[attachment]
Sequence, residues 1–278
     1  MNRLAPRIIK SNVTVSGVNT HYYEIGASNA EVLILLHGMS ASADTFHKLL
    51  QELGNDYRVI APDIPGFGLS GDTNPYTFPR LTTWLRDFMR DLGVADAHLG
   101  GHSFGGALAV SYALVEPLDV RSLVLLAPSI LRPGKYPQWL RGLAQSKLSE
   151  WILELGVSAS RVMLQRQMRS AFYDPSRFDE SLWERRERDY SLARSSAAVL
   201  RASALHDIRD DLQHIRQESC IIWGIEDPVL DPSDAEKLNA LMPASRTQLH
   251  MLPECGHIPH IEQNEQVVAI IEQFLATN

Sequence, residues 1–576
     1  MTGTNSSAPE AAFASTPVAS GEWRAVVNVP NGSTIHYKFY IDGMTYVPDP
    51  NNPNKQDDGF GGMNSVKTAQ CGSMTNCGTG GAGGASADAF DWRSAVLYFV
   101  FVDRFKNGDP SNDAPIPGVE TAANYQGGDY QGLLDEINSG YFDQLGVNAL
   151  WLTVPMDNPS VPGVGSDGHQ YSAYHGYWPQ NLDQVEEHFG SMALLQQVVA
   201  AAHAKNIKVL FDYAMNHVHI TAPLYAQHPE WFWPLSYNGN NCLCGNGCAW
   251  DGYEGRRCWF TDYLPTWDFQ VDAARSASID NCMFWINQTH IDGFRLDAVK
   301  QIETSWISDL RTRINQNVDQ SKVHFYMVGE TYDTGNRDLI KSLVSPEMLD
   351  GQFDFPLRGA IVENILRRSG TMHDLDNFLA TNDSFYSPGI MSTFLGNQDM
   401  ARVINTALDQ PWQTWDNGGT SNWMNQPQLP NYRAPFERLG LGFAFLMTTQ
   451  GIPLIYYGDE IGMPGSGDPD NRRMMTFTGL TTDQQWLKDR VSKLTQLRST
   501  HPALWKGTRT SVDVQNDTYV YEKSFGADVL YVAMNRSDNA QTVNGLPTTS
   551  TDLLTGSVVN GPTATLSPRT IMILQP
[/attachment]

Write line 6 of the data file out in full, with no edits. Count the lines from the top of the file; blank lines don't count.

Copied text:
   201  RASALHDIRD DLQHIRQESC IIWGIEDPVL DPSDAEKLNA LMPASRTQLH